Take, for example, the combination of the Big Sort and the Law of Group Polarization. The Big Sort, the term coined by Bill Bishop in his 2008 book, refers to the increasing tendency of Americans to cluster in like-minded places. The Law of Group Polarization posits that when like-minded individuals gather, they tend to become more extreme. Put those two things together, and you have two groups radicalizing without realizing it, then standing—mouths agape—at their radicalizing opposition and wondering, “What happened to them?”

The answer is clear: The same thing that’s happening to you.  

This, incidentally, is one reason we should approach our own politics with an immense amount of humility. I’m not sure we can even begin to know how many of our firm convictions are truly the product of carefully-informed moral reasoning versus the collective will, experience, and relationships of our closest communities. 

When we understand this dynamic, we can completely understand, for example, how the small-government constitutional conservatives of the Tea Party (or the House Freedom Caucus) ultimately jumped on the Trump Train. Let’s suppose that you were a 7 or 8 on the chart above before Trump. You were a Republican, yes, but you were also relatively radical. That was your community—millions strong. 

Fast forward a few years. If your identity and community were formed around those twin identities—radical and Republican—where do you go? Stand pat, and you’re still a Republican, yes, but you’re suddenly a moderate Republican. A radical Republican will ask, “When did you become establishment?”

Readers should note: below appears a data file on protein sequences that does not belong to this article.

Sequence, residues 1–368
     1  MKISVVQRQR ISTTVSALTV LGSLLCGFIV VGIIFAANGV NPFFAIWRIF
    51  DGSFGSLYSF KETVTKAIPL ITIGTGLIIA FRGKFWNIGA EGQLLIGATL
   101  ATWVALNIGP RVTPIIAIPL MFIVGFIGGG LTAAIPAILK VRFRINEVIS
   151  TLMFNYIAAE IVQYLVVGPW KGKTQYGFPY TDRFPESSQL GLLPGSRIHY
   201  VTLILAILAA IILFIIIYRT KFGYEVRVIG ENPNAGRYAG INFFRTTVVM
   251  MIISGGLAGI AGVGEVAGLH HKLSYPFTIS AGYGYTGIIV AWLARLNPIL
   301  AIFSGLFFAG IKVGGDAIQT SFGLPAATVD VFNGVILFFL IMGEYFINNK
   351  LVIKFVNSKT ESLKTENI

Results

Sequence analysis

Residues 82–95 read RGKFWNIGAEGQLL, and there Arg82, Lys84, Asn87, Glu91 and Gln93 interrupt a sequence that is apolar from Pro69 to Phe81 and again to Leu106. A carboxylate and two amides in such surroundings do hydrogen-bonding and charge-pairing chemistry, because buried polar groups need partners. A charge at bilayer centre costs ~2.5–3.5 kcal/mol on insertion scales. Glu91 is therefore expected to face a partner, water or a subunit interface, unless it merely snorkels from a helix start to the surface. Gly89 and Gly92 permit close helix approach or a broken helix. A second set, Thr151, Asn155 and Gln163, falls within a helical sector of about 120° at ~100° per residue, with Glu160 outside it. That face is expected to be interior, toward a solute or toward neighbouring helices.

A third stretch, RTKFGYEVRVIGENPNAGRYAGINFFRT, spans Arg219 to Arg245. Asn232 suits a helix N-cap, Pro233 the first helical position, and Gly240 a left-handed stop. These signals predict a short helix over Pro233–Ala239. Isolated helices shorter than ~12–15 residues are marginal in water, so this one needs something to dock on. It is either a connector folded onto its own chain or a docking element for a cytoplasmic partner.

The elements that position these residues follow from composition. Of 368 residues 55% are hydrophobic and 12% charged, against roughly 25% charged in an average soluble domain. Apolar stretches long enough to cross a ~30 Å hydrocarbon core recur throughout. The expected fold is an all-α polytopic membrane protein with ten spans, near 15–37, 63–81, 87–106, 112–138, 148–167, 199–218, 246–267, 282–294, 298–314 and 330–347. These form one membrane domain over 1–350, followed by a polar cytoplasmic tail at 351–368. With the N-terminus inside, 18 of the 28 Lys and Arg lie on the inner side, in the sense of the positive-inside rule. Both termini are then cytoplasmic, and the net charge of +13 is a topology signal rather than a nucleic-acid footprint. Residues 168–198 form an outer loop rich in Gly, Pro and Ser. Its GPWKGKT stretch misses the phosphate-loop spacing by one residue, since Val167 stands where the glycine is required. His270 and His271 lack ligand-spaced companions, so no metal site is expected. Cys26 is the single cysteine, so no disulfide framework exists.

But chances are you’re not even asked that question because you’ve moved with your community. The same analysis applies to Democrats as well. 

There are always exceptions to these big moves, but it’s not necessarily because those exceptions are the true free-thinkers. If you’re a Never Trump Republican or an anti-woke Democrat, you can’t sneer at others and say, “Look at the sheeple.” Instead, we’re also shaped by our communities and tribes, even if those tribes can feel quite small.

I’m still mad at Jonah for taking the word remnant for his podcast. It’s perfect for describing loss (a remnant obviously used to be part of a much larger whole), hope (biblically, the remnant is the seed of renewal), and community (a band of brothers and sisters). I wonder … how many of us would still be on our present path if we hadn’t found this fellowship? Some of us, certainly. But all of us?

I don’t share any of this to argue we’re nothing more than political pack animals. We’re still responsible for our choices. Instead, it’s to highlight that one of the most important choices we can make in life is choosing which pack we ultimately belong to—and who ultimately has access to our hearts.

Here’s a name every American should remember: George Henry Thomas, the Rock of Chickamauga. Statues of him should cover the South. He should be a symbol of southern heroism and martial valor. He’s a Virginian who made a different choice than Stonewall Jackson or Robert E. Lee. He chose to serve the Union cause, even if it meant being deemed a traitor by members of his own family and even if it meant some of his Union colleagues didn’t fully trust him.

Why did he make such a dramatically different choice? I don’t want to minimize his own personal integrity, but Confederates also blamed his northern-born wife. At the core of his life, in the small tribe of his own family, there was another voice who had a claim on his heart. 

Okay, that’s enough for now. While I was typing on Deck Four of the Disney Wonder, sailing through choppy seas on the way to Juneau, Alaska, a dance party broke out. Confetti is falling on my head, “Waka Waka” is blaring from the speakers, and I’ll take that as my cue to leave. Rumor has it a pod of killer whales has been spotted off to port, and as much as I love writing newsletters, that’s a sight I want to see. 

David French is a columnist for the New York Times. He’s a former senior editor of The Dispatch. He’s the author most recently of Divided We Fall: America's Secession Threat and How to Restore Our Nation.